In recent weeks, some residents and small business owners downtown had begged city officials to do something about the disruptions called by the protest.
The city's feisty tabloids had also weighed in against the demonstration. In an editorial posted on its website Tuesday, the Daily News praised Bloomberg for ending a "self-important, self-indulgent bilge." The New York Post called the demonstration "a carnival of contempt both for the law and for common decency."
A Siena College poll released Tuesday said New Yorkers were evenly split in their view of the movement, with 45 percent viewing it favorably, and 44 percent unfavorably.
Some city politicians condemned the eviction.
Public Advocate Bill de Blasio called it "needlessly provocative and legally questionable." Manhattan Borough President Scott Stringer said he was "greatly troubled by reports of unnecessary force against protesters and members of the media, including the use of chokeholds and pepper spray." U.S. Rep. Jerrold Nadler and state Sen. Daniel Squadron said the action had raised "serious civil liberties questions."
The eviction comes about a month after the city initially announced protesters would have to leave for the park's cleaning and could return — without their camping equipment. Protesters were able to rally support and draw protesters to the site that morning. Officials backed down then, but didn't advertise this time around.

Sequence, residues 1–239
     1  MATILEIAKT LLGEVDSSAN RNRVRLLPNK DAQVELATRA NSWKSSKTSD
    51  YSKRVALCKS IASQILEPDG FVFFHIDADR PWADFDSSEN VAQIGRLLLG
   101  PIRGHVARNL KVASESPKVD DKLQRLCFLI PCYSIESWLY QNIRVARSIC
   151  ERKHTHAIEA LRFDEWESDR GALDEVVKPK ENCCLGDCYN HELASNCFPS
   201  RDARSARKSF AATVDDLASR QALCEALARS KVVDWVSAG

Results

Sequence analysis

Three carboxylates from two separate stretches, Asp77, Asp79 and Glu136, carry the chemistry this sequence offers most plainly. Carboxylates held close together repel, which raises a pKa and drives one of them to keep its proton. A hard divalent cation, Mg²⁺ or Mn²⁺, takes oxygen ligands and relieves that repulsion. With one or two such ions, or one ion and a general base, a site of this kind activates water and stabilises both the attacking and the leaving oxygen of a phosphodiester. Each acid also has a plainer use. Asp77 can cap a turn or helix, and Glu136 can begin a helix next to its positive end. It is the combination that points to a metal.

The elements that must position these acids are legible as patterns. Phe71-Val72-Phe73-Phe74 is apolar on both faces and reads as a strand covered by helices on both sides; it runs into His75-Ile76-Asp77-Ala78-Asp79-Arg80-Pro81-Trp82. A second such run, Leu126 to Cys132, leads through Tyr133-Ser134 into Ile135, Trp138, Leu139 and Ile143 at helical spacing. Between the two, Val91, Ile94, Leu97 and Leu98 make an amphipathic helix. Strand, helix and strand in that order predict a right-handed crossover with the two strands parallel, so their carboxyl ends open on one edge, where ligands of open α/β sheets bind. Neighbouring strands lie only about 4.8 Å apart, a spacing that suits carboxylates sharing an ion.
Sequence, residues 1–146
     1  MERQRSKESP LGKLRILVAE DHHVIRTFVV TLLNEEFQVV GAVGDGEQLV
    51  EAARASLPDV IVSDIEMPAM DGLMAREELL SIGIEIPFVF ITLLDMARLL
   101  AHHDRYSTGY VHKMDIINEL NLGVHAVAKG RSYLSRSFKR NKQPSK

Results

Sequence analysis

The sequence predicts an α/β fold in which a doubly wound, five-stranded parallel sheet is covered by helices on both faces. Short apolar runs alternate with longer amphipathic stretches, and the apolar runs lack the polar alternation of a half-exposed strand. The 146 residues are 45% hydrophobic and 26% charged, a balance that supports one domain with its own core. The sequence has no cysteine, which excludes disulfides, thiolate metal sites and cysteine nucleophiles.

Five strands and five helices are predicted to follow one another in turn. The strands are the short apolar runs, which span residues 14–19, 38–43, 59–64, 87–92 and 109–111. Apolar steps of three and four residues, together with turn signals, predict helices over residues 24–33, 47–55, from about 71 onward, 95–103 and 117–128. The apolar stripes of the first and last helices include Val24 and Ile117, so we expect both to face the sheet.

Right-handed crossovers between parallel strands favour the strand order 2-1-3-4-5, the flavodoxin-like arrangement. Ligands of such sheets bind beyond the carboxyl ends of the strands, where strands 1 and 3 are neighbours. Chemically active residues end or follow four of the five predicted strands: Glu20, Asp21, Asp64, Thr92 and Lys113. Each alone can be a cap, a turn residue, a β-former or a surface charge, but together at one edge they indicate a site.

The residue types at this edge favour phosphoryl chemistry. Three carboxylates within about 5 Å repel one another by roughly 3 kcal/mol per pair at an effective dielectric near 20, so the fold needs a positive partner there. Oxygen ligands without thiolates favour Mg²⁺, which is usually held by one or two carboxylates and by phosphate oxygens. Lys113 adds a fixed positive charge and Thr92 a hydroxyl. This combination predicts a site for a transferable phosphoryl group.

The police commissioner said he thought the operation went well. Kelly said officers gave the crowd 45 minutes to retrieve their belongings before starting to dismantle tents and let people leave voluntarily until around 3:30 a.m., when they moved in to make mass arrests.
"Arresting people is not easy. Some people think it is. No, it isn't. It involves contact," he said, adding that he thought the officers "showed an awful lot of restraint."
"There was an awful lot of taunting, people getting in police officers' faces, calling them names," he said.
Concerns about health and safety issues at Occupy Wall Street camps around the country have intensified, and protesters in several cities have been ordered to take down their shelters, adhere to curfews and relocate so that parks can be cleaned.
Occupy encampments have come under fire around the country and even overseas as local officials and residents have complained about possible health hazards and ongoing inhabitation of parks and other public spaces.
Activists converged at the University of California, Berkeley, on Tuesday for a day of protests and another attempt to set up a camp less than a week after police arrested dozens of protesters who tried to pitch tents on campus.
The Berkeley protesters will be joined by Occupy Oakland activists who said they would march to the UC campus in the afternoon. Police cleared the tent city in front of Oakland City Hall before dawn Monday and arrested more than 50 people amid complaints about safety, sanitation and drug use.
In London, authorities said they were resuming legal action to evict a protest camp outside St. Paul's Cathedral after talks with the demonstrators stalled.
Associated Press writers Jennifer Peltz, Meghan Barr, Chris Hawley, Samantha Gross and Karen Matthews contributed to this report.